Fara (2003, p. 159) advocates a similar principle: ‘A desire (or related attitude) ascription of the form “A wants C” is true just in case A has a desire (or hope, etc.) with proposition Q as its exact content for some Q that entails the proposition expressed by the embedded clause C.’ (For a related view, see what Condoravdi and Lauer (2016, p. 31) call the ‘Quine–Hintikka’ analysis of ‘want’ ascriptions.) We believe that this is on the right track, but it’s incorrect as it stands. It wrongly predicts that if \(\ulcorner\)A wants q\(\urcorner\) is true, and q entails p, then \(\ulcorner\)A wants p\(\urcorner\) is true. For example, it wrongly predicts that ‘I want to die quickly’ entails ‘I want to die’ (the example is from Anand and Hacquard (2013, p. 19)).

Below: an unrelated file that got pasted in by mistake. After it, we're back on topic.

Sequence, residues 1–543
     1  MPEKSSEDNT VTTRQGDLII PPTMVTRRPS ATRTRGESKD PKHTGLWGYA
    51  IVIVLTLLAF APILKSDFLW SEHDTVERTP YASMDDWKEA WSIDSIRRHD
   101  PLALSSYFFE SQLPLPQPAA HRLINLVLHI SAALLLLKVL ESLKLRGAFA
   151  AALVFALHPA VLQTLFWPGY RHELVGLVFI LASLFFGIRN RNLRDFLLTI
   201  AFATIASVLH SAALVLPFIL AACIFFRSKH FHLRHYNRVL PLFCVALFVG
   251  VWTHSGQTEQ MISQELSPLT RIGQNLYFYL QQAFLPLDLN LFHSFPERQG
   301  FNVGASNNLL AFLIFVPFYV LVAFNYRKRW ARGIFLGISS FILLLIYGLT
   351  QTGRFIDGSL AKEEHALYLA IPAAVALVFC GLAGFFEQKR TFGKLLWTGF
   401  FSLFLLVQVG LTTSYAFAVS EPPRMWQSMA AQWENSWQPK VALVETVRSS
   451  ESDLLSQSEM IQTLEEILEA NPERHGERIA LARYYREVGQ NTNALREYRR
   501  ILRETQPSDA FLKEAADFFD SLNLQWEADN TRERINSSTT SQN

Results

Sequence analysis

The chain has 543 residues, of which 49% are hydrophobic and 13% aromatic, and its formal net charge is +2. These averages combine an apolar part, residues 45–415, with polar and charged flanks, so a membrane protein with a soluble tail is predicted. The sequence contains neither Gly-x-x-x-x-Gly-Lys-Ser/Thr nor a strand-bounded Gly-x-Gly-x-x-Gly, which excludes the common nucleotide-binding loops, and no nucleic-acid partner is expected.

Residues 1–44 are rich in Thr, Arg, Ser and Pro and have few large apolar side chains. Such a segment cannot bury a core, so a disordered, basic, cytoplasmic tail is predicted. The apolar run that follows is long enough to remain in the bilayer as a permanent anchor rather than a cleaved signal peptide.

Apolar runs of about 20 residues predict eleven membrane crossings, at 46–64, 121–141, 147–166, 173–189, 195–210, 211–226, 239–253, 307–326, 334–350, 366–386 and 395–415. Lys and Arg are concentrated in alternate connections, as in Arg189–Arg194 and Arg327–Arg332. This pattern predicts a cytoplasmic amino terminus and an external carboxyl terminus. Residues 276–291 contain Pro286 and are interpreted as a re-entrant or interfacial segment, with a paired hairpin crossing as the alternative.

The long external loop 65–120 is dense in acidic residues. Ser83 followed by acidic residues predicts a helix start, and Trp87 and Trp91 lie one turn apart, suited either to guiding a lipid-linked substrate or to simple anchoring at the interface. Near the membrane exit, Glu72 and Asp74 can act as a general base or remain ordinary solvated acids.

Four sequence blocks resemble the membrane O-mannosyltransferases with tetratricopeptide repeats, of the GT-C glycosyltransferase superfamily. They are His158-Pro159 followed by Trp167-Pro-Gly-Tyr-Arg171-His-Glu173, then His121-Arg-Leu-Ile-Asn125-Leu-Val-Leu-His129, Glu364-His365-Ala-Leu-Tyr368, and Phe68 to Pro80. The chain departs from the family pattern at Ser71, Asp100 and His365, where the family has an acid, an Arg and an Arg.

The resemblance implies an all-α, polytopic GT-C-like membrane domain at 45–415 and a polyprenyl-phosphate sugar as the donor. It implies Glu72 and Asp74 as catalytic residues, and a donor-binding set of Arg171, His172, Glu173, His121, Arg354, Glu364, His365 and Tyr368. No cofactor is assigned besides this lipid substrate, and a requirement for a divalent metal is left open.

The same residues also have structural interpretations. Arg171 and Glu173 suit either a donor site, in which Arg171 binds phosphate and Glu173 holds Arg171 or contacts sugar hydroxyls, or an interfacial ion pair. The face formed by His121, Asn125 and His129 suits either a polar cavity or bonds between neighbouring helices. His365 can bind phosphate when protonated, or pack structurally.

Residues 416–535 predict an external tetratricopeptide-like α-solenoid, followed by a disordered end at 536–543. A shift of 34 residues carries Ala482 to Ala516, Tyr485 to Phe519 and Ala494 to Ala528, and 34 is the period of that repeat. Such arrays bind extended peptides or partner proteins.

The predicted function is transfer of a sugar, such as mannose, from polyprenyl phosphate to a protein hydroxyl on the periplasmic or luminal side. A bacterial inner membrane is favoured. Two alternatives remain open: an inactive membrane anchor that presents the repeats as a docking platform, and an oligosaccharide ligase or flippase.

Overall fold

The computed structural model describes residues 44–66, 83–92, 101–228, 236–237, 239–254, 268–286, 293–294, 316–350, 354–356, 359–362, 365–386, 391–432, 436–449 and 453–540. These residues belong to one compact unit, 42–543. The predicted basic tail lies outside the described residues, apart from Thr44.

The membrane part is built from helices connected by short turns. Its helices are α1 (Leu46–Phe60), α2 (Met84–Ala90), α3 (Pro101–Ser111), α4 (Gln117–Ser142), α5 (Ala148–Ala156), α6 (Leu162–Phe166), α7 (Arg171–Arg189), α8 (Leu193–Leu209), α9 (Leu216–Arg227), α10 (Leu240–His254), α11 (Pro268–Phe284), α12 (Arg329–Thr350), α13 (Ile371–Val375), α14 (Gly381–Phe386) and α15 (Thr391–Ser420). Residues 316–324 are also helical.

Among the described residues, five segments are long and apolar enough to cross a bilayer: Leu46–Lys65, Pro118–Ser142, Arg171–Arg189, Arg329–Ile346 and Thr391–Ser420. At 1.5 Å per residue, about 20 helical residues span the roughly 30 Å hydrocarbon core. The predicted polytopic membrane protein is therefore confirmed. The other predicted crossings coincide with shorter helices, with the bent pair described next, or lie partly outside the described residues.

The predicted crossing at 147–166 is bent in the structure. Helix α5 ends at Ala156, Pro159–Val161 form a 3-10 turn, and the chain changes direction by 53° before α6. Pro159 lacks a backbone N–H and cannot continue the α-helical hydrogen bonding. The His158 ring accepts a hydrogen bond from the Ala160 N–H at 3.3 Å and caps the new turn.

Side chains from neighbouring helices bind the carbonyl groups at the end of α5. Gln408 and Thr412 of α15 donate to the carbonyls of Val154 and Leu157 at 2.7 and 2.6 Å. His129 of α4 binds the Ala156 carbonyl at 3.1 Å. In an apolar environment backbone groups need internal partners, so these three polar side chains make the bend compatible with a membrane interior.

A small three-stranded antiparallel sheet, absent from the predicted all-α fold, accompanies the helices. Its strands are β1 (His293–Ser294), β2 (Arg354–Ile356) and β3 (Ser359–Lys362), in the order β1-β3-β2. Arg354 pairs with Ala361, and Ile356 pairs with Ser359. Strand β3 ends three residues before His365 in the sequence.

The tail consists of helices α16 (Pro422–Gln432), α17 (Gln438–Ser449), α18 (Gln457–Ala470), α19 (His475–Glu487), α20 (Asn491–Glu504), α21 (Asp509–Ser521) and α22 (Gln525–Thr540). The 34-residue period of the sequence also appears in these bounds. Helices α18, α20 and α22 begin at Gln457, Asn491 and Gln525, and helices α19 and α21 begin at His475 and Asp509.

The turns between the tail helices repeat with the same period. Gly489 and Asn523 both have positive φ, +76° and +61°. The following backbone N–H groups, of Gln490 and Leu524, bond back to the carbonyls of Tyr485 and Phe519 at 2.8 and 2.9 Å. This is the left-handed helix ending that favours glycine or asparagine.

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We would like to thank Lauren Ashwell, David Boylan, David Braun, Alex Byrne, Nilanjan Das, Kai von Fintel, Cosmo Grant, David Gray Grant, Justin Khoo, Matthew Mandelkern, Ginger Schultheis, Kieran Setiya, Jack Spencer, Stephen Yablo, an audience at MIT, an anonymous reviewer, and each other.

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Correspondence to Milo Phillips-Brown.

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Grant, L., Phillips-Brown, M. Getting what you want. Philos Stud (2019). https://doi.org/10.1007/s11098-019-01285-1

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  • Desire
  • Dispositions
  • Desire satisfaction
  • Desires
  • Ways-specificity of desire satisfaction
  • Desire ascriptions
  • Wanting
  • Underspecification
  • Fara
  • Braun
  • Lycan